The pronghorn has often mistakenly been called an antelope. It is not even related to the antelopes of Africa or those of Asia. It is also not closely related to deer or goats or cattle.
Its ancestor’s fossils have been found on the American plains dating back millions of years. The miniature pronghorns were not taller than jack rabbits.
They were grazers and cud chewers like their modern descendents. Those male pronghorn’s horns were sharp and forked. They were solid bone and grew directly above the eyes. The females had no horns.
Today pronghorns have horns also — not antlers as some mistakenly refer to them. Horns are present in both male and female. They are positioned above the eyes also.
They had other ancestors who evolved later who had lopsided horns that were multi-tined and these have been said to be the most unusual racks ever carried by a hoofed animal.
Either one side of the other would grow three or four times longer than the other horn and then branch out with three or four times.
The small horn on the other side grew straight out. The only reason put forth on this matter so far is that the display of horns made them look bigger to their enemies — from the front and from the side.
The pronghorns of today are social creatures that live in herds. A buck usually has several does. They mate in summer and next spring is the birthing time.
The doe will go find a secluded spot and has up to three babies.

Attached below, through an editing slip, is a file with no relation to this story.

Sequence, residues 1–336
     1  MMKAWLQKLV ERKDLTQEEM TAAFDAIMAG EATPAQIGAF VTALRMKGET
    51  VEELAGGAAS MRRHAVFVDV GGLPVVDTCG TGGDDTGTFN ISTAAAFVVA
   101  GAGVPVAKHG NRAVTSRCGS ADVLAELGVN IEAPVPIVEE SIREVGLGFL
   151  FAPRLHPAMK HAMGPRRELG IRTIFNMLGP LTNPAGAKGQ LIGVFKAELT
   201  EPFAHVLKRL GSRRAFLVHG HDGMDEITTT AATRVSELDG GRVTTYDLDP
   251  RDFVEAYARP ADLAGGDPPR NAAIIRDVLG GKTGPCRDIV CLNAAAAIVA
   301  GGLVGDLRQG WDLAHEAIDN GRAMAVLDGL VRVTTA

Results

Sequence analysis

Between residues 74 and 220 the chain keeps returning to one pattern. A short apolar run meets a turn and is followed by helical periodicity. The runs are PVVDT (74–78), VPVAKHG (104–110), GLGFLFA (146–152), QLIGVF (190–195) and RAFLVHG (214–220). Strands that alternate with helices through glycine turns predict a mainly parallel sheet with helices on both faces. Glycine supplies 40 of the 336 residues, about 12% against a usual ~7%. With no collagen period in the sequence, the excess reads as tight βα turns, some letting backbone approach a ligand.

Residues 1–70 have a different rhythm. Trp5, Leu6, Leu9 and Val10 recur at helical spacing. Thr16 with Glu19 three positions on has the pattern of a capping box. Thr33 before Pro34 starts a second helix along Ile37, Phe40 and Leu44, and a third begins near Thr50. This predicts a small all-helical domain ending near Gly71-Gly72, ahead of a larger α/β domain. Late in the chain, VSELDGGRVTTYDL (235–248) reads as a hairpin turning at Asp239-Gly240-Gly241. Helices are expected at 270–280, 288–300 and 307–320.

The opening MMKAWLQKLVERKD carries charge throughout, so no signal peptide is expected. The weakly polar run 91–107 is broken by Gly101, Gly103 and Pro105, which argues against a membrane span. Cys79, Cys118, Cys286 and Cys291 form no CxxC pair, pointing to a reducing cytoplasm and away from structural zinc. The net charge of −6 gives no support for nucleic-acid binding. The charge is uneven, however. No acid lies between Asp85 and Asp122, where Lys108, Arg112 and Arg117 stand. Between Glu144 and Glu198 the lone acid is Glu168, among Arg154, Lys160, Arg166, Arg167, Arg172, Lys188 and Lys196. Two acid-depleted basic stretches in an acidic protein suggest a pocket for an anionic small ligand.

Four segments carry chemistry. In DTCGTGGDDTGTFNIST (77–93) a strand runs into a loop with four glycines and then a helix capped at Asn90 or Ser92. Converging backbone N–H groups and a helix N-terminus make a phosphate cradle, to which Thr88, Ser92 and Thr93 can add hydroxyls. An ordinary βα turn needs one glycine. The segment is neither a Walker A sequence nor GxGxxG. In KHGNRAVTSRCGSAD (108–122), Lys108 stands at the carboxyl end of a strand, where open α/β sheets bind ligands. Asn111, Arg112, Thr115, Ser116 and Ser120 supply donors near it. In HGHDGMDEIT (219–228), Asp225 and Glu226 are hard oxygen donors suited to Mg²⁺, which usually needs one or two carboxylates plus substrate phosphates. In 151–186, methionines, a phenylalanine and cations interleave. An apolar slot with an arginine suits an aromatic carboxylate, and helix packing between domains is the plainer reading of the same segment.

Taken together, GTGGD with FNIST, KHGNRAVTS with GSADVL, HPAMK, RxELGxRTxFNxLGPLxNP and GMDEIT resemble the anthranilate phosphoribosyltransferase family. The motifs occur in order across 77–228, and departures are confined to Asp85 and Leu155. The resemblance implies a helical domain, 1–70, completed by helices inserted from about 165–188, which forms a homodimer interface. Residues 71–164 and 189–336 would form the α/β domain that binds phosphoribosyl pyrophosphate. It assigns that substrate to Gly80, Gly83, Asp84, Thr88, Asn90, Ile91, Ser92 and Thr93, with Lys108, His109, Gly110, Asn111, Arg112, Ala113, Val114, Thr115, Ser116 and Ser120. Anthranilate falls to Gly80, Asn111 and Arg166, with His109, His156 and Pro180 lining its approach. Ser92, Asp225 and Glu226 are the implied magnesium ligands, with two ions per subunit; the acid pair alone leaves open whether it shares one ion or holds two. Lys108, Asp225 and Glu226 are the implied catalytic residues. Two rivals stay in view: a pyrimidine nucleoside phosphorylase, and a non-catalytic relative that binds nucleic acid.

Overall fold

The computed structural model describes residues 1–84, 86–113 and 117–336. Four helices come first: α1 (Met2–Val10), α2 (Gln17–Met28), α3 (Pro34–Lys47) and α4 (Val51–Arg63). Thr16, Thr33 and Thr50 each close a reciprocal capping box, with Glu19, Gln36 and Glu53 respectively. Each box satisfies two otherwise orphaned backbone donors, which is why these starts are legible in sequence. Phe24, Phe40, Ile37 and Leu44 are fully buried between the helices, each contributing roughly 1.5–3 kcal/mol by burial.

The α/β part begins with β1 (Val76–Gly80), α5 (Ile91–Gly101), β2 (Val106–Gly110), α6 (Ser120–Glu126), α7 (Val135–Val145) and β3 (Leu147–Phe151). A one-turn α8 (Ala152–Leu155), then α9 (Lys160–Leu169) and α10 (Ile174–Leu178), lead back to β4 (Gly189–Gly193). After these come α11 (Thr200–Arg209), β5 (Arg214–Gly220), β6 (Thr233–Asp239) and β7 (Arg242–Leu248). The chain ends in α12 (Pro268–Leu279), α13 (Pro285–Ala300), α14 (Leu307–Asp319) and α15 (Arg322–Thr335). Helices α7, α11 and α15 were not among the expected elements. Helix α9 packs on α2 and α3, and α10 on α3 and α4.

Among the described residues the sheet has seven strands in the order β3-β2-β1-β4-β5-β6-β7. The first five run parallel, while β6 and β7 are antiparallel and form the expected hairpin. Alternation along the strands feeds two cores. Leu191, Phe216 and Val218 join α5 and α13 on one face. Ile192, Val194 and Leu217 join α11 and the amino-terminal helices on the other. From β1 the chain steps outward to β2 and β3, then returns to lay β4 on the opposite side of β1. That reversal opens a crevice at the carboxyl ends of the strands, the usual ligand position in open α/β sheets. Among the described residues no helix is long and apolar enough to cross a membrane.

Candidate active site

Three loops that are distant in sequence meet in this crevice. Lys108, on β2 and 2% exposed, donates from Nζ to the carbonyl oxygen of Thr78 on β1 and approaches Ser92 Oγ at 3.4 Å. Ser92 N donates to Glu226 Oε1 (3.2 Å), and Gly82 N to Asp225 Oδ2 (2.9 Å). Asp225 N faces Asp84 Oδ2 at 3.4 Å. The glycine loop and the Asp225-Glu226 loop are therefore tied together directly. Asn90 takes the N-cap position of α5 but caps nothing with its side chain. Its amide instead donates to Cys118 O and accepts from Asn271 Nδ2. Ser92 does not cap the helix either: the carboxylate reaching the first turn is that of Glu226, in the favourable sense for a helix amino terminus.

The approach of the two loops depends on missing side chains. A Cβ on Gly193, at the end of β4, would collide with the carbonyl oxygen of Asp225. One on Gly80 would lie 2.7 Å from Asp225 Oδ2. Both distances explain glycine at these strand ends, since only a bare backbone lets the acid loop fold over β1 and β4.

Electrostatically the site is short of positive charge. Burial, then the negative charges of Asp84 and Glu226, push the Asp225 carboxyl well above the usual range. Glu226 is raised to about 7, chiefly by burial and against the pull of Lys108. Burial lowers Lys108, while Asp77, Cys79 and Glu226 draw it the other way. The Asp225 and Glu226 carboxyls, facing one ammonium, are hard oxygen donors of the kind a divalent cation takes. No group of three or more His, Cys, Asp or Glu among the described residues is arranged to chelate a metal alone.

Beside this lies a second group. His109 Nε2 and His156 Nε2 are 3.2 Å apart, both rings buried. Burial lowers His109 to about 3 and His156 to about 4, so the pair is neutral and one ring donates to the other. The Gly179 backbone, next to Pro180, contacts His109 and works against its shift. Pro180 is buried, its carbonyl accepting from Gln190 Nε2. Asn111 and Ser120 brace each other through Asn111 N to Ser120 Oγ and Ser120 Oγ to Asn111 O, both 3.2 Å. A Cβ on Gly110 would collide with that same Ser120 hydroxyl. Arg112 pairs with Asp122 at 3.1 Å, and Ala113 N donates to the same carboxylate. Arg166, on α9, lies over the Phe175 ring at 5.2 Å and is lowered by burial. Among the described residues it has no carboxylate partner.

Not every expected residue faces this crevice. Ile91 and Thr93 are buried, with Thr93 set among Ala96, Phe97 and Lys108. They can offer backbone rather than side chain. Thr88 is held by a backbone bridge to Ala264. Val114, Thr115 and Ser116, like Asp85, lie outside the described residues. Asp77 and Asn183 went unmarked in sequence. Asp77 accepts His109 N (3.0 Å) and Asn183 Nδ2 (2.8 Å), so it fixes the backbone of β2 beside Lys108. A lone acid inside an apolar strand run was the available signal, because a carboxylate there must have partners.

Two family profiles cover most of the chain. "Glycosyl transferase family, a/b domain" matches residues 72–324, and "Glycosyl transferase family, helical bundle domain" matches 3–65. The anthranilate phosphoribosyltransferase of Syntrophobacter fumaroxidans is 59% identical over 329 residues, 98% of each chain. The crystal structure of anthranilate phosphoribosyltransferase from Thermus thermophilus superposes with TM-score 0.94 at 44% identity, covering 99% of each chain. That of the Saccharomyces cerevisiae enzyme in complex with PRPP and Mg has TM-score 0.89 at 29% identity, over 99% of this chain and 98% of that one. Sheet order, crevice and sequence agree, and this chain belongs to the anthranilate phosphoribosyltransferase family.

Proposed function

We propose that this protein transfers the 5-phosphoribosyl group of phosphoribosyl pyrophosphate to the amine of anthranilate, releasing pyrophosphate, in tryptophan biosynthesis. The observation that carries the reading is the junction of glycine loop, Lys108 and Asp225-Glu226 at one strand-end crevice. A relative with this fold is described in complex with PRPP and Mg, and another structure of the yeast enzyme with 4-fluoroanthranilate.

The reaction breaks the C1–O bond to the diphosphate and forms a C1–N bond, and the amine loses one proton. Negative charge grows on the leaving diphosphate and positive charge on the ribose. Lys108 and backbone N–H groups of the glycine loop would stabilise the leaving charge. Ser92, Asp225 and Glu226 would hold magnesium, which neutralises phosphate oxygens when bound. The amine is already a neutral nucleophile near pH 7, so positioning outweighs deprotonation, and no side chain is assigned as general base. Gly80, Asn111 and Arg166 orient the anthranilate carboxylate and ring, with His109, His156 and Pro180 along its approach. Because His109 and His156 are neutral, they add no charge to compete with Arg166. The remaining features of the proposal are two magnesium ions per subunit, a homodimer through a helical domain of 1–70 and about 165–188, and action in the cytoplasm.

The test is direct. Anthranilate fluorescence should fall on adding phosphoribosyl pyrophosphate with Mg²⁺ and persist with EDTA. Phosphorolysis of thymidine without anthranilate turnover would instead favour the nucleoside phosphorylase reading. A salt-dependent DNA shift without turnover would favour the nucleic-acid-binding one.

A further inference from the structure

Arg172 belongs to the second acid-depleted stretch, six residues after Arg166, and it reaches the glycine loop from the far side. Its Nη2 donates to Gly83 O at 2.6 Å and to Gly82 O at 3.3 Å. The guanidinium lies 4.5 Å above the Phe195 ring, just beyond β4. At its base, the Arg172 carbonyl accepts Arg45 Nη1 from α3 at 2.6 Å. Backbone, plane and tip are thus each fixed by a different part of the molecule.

She keeps the babies hidden for a few weeks, coming to them only to feed them and then keeping watch from a ways off to keep predators away. She is a fierce Mom when the little ones are threatened.
When she brings them out, they get acquainted with all the other little ones born around the same time and all the little ones race around and butt heads and play.
Sometimes one doe will watch all the young ones while a group of Moms go off for some quiet time.
Pronghorns have amazing eyesight and can see clearly a good mile away. They are very fast animals who love to run and to race each other and they will race a car also.
They can travel at a speed of 60 miles pr hour. They have been known to race alongside of cars, then speed up and dash in front and across the road stop as if that was the end of the race.
They are animals who need the open spaces to live and run. They are shy and nervous animals who do not thrive in zoo. They are curious animals who will check out whatever interests them from a polite distance, whether it be, man or beast.
Pronghorns have such good eyesight that when another pronghorn sends out a “sun-signal”, meaning that the white hair on the rump is lifted and flashes white in the sunlight as they dash away from danger, it is seen by the others from a long way off.
They have seven scent glands on their bodies which they use to send messages to other pronghorns.
They protect themselves from predators with the use of their hooves. Like many Mammals, they shed their coats in spring. They have a double coat, course on top and soft inner fur beneath.
The pronghorns are great swimmers. They are not jumpers, though and do not even jump over low fences.
Winter finds the herd headed for a sheltered valley. When snow gets deep there, they head up higher to hillsides which have been blown clear of snow.
Young pronghorns stay with the herd to have a better chance of survival.Find out more about the Pronghorn over at Wikipedia »